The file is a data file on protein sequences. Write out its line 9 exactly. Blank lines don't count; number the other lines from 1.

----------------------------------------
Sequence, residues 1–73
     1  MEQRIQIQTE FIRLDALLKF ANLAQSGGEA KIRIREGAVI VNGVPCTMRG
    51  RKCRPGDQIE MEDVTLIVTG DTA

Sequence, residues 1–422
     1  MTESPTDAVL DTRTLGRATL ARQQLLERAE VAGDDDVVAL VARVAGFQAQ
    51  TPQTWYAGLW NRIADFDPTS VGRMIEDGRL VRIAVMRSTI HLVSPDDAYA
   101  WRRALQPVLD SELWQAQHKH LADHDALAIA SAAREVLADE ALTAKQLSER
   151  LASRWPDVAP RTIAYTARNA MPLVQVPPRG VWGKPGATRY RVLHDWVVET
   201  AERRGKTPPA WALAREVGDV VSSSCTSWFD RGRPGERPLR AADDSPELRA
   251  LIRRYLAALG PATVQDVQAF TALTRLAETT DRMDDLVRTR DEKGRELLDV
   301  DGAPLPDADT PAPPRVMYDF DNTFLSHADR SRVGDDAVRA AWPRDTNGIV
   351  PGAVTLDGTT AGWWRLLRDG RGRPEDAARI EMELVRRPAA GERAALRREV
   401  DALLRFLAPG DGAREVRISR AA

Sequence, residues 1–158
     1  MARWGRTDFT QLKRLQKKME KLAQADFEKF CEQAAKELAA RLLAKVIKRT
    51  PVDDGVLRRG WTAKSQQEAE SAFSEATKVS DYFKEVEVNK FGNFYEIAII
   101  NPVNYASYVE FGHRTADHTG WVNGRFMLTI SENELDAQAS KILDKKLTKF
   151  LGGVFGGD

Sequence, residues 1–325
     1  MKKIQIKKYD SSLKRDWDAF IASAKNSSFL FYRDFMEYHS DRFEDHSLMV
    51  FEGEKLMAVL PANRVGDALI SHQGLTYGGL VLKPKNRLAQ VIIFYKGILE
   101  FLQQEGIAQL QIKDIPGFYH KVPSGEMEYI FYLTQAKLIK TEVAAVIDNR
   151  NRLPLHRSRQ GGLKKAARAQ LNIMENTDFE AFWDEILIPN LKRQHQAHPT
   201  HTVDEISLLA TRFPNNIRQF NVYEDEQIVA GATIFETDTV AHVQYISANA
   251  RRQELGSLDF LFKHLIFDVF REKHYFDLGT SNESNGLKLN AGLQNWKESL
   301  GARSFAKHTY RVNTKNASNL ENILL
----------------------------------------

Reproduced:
   201  AERRGKTPPA WALAREVGDV VSSSCTSWFD RGRPGERPLR AADDSPELRA